straincurve correction. Tang and Lee  analyzed necking in a bar under simple tension using a coupled strain hardened and damage models. He studied the effect of damage model on the necking phenomenon. Since necking is inherently a consequence of damage (void growth and coalescence), coupling of material model with damage model can significantly improve the correction techniques. Ling  introduced a special function for describing the relation between stress and strain after necking. He obtained the function by numerical simulation using Abaqus. His analysis was based on optimization of the difference between experimental and numerical load-displacement curves. A number of creative correction techniques have been proposed by researchers such as Mirone . His method is applicable to a wide range of metals. Mirone  presented some criteria independent of the type of material and introduced relations for stress-strain correction. Coppieters et al.  presented an alternative method to identify the post-necking hardening behavior of sheet metal. His method is based on the minimization of the difference between the internal and external work in the necking zone during a tensile test. Eduardo  presented an experimental- numerical methodology to derive the elastic and hardening parameters which characterize the material response. Yang and Cheng  introduced a damage mechanics based model to describe the progressive deterioration of materials prior to initiation of macro cracks. Majzoobi et al. [17, 18] identified the constants of Johnson–Cook, power law and Zerilli–Armstrong models in tension and compression using a combined experimental/ numerical/ optimization approach. The models take account of correction indirectly and there is no need for computing the correction factor directly. Gromada et al.  analyzed and estimated the accuracy of the well-known classical formulae for correction stress-straincurve.
Masaharu et al.  discussed the effects of shape and volume fraction of a second phase on stress states and deformation behavior of two-phase materials with the help of empirical relations. They embedded inhomoge- neous spheroidal (second phase) inclusions in a matrix. Analytical expressions to describe the stress states in elastically and plastically deformed two-phase materials are obtained with the Eshelby method and the Mori- Tanaka concept of the “average stress”. Considering that the second phase is also plastically deformable, the over- all deformation behavior of the two-phase materials is discussed with the results obtained by the evaluation of the stress and strain distributions in the materials. Some of the authors predicted the stressstraincurve with the help of empirical relations [25-28] and phase transfor- mations of titanium alloys [29,30].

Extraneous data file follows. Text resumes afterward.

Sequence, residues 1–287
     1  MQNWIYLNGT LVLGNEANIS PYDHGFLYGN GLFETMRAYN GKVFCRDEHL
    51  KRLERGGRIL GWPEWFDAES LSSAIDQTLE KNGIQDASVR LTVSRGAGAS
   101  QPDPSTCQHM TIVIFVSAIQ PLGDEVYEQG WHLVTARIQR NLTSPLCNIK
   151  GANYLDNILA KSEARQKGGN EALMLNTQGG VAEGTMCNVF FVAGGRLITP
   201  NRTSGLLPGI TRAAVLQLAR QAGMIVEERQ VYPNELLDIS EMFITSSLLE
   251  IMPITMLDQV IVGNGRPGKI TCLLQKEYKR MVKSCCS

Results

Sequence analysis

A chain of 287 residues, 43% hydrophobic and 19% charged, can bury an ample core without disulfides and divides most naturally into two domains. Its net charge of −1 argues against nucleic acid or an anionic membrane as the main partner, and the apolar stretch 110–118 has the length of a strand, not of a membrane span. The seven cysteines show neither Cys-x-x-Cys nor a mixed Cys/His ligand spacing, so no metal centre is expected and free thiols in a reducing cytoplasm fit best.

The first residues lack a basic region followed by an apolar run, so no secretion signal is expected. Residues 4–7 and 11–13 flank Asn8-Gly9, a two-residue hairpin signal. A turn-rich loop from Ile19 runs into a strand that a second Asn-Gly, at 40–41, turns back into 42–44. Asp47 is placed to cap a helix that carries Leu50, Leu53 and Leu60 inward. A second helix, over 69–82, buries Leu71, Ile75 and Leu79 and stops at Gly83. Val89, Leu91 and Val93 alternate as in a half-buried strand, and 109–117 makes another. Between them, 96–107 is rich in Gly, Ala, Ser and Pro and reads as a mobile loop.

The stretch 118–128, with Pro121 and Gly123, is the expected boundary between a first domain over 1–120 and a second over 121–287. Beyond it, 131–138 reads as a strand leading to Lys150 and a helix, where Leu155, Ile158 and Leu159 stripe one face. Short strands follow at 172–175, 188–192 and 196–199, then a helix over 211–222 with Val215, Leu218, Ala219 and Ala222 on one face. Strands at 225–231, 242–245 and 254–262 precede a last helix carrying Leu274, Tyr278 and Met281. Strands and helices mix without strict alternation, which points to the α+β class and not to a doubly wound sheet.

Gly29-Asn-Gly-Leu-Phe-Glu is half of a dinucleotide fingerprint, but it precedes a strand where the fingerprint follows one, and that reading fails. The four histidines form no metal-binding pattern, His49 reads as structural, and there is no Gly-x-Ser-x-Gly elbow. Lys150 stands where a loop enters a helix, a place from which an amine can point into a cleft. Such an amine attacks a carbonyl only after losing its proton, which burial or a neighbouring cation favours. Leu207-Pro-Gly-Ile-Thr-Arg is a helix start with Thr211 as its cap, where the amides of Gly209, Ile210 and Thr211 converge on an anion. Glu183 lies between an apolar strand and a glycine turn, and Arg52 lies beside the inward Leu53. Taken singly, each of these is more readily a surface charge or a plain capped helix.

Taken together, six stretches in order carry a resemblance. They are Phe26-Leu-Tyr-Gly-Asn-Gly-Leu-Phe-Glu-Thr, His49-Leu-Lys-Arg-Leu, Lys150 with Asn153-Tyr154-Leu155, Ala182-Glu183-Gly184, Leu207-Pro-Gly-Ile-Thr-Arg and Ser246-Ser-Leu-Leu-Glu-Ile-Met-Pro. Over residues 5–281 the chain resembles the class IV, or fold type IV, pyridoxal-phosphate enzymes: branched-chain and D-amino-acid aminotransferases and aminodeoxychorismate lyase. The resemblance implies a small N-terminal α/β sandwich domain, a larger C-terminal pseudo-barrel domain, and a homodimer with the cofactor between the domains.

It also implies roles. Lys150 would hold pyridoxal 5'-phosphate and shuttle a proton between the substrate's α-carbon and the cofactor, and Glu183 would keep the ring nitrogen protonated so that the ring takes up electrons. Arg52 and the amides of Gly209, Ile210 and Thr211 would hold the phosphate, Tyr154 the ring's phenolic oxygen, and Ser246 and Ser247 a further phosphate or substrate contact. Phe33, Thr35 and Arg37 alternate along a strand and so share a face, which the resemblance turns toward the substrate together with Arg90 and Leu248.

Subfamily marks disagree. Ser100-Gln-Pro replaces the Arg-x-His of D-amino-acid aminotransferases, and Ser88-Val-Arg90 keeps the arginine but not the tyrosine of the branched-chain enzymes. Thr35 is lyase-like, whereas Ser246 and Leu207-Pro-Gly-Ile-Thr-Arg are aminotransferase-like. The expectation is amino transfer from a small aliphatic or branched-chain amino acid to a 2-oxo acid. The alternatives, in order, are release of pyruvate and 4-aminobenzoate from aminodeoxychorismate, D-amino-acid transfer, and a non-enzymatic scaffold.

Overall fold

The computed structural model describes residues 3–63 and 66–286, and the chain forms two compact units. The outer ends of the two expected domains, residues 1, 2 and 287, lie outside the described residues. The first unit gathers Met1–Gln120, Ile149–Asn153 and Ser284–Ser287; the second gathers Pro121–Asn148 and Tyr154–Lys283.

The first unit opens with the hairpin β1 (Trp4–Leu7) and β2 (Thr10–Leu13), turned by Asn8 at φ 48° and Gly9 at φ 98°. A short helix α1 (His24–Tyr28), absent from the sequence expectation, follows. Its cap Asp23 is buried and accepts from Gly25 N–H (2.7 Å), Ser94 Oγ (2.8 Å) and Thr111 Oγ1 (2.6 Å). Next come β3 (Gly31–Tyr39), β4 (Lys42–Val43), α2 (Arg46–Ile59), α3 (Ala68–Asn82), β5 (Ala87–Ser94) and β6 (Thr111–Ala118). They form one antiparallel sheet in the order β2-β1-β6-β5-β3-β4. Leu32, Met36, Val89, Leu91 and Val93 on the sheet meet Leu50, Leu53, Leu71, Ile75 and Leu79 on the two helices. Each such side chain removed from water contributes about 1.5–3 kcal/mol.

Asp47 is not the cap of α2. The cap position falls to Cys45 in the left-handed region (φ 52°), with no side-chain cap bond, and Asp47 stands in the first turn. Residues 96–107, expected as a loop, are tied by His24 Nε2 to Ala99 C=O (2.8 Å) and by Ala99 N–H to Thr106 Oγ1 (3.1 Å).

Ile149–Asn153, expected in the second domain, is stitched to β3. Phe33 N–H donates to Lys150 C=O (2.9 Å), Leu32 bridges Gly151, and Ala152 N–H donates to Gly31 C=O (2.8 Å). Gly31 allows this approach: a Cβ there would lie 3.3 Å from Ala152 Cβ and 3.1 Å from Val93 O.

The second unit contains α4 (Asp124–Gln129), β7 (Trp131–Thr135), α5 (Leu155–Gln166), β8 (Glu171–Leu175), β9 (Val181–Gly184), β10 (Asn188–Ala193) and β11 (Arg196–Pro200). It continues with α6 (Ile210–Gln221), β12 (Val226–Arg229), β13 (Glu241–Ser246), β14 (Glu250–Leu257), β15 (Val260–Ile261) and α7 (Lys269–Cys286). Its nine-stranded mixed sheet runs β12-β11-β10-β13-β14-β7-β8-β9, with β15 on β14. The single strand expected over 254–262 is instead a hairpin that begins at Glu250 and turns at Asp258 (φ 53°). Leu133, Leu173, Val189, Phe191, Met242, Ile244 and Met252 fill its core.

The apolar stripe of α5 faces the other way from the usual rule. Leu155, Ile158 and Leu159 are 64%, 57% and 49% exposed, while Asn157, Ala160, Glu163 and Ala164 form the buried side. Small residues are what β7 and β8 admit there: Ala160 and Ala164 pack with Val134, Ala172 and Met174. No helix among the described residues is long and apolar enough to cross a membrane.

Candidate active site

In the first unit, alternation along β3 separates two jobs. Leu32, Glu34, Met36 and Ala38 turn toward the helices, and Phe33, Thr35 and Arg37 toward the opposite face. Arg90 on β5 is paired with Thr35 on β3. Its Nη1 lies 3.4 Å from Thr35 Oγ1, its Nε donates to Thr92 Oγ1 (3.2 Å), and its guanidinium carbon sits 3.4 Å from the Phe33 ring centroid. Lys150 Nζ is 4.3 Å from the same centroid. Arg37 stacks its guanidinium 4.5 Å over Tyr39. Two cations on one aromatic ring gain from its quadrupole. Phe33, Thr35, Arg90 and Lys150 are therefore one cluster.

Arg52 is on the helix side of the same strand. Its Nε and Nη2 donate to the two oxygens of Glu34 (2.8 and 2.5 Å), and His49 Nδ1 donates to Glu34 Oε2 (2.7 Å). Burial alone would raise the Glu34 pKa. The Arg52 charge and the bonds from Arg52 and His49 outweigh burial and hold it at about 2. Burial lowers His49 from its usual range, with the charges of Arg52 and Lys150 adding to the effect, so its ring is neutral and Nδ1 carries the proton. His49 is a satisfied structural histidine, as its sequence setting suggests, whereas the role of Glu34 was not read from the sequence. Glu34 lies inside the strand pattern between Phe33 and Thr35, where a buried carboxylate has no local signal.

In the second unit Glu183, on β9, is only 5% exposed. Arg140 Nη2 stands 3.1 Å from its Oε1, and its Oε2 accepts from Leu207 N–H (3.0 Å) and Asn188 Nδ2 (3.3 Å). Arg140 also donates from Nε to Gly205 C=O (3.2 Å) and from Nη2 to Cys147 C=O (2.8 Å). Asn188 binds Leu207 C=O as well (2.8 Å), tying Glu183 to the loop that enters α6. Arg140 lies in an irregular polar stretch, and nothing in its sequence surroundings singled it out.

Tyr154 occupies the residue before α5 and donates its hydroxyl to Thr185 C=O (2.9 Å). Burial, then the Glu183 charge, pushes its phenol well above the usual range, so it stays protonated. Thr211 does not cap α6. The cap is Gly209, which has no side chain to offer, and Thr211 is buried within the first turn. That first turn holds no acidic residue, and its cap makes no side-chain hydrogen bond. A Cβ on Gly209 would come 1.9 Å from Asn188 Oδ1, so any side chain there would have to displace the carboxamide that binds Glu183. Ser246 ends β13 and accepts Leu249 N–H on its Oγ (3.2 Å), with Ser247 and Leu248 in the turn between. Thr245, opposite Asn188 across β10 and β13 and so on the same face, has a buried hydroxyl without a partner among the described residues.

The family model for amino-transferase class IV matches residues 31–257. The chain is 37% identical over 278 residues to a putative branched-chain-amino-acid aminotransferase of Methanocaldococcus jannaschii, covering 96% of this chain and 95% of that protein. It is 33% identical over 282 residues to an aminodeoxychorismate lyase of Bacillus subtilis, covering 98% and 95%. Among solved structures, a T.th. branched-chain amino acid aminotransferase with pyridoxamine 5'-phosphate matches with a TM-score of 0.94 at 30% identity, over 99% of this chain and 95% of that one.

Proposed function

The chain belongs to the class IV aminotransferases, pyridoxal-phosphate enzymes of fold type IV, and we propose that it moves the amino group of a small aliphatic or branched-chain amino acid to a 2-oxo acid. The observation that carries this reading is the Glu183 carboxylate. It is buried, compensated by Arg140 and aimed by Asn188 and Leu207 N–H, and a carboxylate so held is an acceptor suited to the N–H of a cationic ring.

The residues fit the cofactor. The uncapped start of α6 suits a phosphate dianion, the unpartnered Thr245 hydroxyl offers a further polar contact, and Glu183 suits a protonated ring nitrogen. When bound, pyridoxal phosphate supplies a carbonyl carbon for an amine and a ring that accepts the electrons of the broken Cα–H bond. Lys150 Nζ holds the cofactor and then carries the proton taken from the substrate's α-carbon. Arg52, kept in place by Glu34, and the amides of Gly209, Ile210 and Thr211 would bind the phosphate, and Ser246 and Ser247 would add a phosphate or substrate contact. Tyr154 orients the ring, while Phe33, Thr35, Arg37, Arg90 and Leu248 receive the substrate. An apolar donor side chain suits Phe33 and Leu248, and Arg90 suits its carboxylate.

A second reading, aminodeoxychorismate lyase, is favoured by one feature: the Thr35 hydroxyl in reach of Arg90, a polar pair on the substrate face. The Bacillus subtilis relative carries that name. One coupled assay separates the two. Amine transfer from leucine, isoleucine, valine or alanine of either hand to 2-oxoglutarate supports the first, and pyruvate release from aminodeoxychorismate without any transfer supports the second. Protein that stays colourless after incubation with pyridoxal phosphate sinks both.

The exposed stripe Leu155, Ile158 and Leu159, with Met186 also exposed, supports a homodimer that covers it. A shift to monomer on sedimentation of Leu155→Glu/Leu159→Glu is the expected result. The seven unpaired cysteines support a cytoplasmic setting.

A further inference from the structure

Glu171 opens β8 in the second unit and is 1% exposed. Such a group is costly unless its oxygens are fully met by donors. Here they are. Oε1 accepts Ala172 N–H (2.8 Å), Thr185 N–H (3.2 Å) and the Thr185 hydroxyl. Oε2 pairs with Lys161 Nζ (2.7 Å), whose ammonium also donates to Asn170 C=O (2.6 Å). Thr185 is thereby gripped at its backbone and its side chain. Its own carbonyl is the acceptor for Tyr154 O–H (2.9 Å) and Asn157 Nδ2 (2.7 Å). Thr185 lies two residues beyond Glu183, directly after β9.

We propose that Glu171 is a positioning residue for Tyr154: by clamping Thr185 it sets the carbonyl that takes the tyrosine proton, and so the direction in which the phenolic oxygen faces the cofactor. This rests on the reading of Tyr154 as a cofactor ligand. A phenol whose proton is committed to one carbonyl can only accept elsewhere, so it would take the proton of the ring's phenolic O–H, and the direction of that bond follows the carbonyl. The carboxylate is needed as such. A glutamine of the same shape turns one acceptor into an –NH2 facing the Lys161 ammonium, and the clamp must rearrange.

In order to predict the nominal stress-straincurve of an isotropic polycrystal Ti-15V-3Al-3Cr-3Sn (hereafter, Ti-15-3(ST)) sheet in tension test, three-dimensional ﬁnite element (FE) analysis is elucidated considering three boundary conditions. According to the constraint at both ends of specimen, three boundary conditions are a simulated case based on the empirical data, a full case and a free case. In the simulated case, the nominal stress-straincurve can be well predicted until the fracture strain. Maximum load point does not mean the termination of uniform deformation in the present study. The onset of localized necking is intensively discussed and the origin of localized necking is concluded to be not due to the plastic instability but due to the deformation constraint at both ends of specimen. [doi:10.2320/matertrans.M2010033]
condition that the two curves could be ﬁtted by similar functions, the cyclic curve could be deduced by the engineering curve theoretically. Meanwhile, although the stress-straincurve of many metals in the region of uniform plastic deformation could be described by the classical Hollomon equation, the equation might not be absolutely appropriate to describe the engineering stress-straincurve. The engineering stress-straincurve does not give a true indication of the deformation characteristics, because it is based entirely on the original dimensions of the specimen, and these dimensions would change continuously during the tensile test. Actually, the true stress-straincurve 13) presents a larger stress value compared with the engineering curve as the cross-sectional area of the specimen is gradually decreasing.